With the country being in a state of lock-down, and affecting us all, I was scrolling through my Kindle looking for good books to read and this book popped up: I’ll take the 18, the story of the Beech 18 and freight flying
I thought let me look at it and I found yet another great book.
The book is written by Scott Gloodt, based on his experiences flying the aircraft when he had just qualified as a young commercial pilot and was looking for any flying hours, to build experience and move up in the world of commercial aviation
In amongst his stories and experiences, the book deals with the history of the Beech 18, from its development in 1937, when it was developed as a VIP transporter, and during the war years, as a navigator trainer and light transport aircraft, up to modern times, when they were converted to, and saw their lives out, as freighters. 9000 of these aircraft were built and it proved to be Beechcraft’s most successful product produced. A great many were built for Air Forces, primarily in the Americas and in the Far East – the last one off the production line going to the Japan’s Self Defence Force.
The aircraft was built as a tail dragger, although a few of the last aircraft off the production line were built with a tricycle undercarriage. It was powered by two radial engines, of various sizes and manufacturers. As the later models were developed and built, so the engines were improved and better avionics were installed.
When companies upgraded to bigger, and better corporate aircraft, the Beech 18 went the way of many other aircraft. Operators saw the need for freight aircraft and so many of them were converted into freighters and it proved to be a very popular conversion.
The author goes on to describe how he got his first job and how he did his conversion onto the aircraft and the relationship he had with it over the many years that he flew them. He fondly mentions some of the instructors and teachers he met, and also some of his fellow co-pilots. Some were legends and some were helpful and he often remembers how many incidents on those flights, helped him to overcome other situations that he encountered in his later flying career. Every aircraft, as we all know, has their own character and little idiosyncrasies and he fast learnt how to treat the aircraft with love and care and how each aircraft would respond. We were reminded at various stages of his freight flying career of Ernest Gann and his well known book, Fate is the Hunter and the similar situations that he got into. His was one of love and hate, but there was more love. He grew to utterly respect the aircraft and he enjoyed his time with them. There is no doubt he grew to love the plane, its idiosyncrasies and how he overcame the many problems that it gave and how with some gentle treatment and handling, it managed to get him out of many scary situations.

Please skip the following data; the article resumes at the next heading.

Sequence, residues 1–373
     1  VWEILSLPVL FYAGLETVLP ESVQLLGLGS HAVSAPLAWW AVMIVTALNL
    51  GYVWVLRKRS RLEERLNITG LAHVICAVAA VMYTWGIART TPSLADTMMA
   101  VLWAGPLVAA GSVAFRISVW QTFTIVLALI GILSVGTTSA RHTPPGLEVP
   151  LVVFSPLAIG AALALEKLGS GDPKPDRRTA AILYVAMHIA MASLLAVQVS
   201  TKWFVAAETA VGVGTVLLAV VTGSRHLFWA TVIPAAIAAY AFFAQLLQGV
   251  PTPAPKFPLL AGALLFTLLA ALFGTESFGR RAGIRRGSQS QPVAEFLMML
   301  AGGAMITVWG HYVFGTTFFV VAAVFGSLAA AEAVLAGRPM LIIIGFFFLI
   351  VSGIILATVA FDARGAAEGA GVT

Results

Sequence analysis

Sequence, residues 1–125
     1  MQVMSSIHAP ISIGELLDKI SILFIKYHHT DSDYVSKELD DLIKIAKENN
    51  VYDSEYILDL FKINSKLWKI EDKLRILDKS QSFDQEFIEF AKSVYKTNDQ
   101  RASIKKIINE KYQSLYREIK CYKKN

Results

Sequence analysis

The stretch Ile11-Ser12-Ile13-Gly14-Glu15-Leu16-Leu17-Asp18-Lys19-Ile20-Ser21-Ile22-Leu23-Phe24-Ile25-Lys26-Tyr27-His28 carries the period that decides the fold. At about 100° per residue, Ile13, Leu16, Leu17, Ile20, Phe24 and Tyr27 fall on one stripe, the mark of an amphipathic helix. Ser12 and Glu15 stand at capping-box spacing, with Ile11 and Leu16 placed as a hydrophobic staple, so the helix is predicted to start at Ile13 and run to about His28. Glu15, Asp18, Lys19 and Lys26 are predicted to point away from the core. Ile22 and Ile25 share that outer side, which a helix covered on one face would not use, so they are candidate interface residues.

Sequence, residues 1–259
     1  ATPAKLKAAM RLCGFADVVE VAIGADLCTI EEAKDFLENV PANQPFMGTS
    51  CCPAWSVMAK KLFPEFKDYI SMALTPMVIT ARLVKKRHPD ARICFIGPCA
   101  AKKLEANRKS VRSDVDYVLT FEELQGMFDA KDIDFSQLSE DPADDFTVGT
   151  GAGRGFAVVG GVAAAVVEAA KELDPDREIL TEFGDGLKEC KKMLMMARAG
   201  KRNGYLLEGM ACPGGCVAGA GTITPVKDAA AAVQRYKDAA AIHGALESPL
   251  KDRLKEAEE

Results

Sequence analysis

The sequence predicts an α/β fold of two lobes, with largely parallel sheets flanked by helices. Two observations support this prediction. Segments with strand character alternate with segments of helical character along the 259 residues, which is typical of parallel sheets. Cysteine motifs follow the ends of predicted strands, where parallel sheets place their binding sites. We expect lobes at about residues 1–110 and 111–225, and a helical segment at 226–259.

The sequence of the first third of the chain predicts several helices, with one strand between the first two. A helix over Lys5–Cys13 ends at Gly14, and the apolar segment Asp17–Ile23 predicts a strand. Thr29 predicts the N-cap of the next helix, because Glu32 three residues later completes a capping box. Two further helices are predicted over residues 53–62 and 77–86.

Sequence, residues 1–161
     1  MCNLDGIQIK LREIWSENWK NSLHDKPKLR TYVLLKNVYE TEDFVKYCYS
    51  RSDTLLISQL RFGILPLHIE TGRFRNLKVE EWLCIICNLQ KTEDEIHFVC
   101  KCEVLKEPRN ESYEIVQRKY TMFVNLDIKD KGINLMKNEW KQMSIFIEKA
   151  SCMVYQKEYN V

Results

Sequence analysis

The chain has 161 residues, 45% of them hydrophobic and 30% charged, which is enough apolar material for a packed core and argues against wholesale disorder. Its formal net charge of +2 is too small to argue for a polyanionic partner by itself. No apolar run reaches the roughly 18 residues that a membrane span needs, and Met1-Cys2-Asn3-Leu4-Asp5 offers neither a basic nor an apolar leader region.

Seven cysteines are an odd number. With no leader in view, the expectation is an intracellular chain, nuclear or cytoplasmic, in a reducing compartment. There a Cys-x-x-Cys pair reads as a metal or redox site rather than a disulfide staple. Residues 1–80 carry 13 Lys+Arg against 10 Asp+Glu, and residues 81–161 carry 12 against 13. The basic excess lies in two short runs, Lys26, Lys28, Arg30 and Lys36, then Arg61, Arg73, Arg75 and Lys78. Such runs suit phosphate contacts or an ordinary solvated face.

He talks with a passion of how much fun it was to fly around at night, confidently building hours and going to places he had never been to. Some of the confidence was also blissful ignorance and due to lack of experience and knowledge. Some situations were quite scary and it was very much a case of “a boer maak n plan”, to get the job done!
He talks of the cut-throat opposition and how ruthless they were – if someone wanted freight moved and if you as a pilot and/or your company did not want to do it, there was always another pilot or company to do the job. So often they headed out into situations and weather that no sane pilot would fly in, but it was experience gaining and hours building!!!! Never look a gift horse in the mouth. And it was a chance to log hours and earn some much needed money!
These little operators in the 1950 – early 70s were the forerunners of the many huge and successful overnight, and courier, operators that exist today. The likes of Federal Express and DHL all used these operators as a basis to start their operations. They performed a vital role around America, in those days, helping to get the economy going after the War and often were used to fly precious medical supplies to small little places.
Many of them were also used to support the American Defence industry and many of those contracts proved very lucrative to get, if you were able to secure one.
It is a great book. Easy to read and there are some fascinating stories in it. It should be compulsory reading for every youngster, who wants to embark on a career, as a pilot. The path he chose was not an easy one, and that is evident in the book, but with discipline and listening to the stories and experiences of more senior pilots, it is possible to manage and overcome any situation. You are never too young to learn and the path to the top is not an easy one, and you must be prepared to start at the very bottom, but it is achievable.
Its right up there with Fate is the Hunter, and should be the next book any aviator needs to read.
Read it, you won’t be disappointed.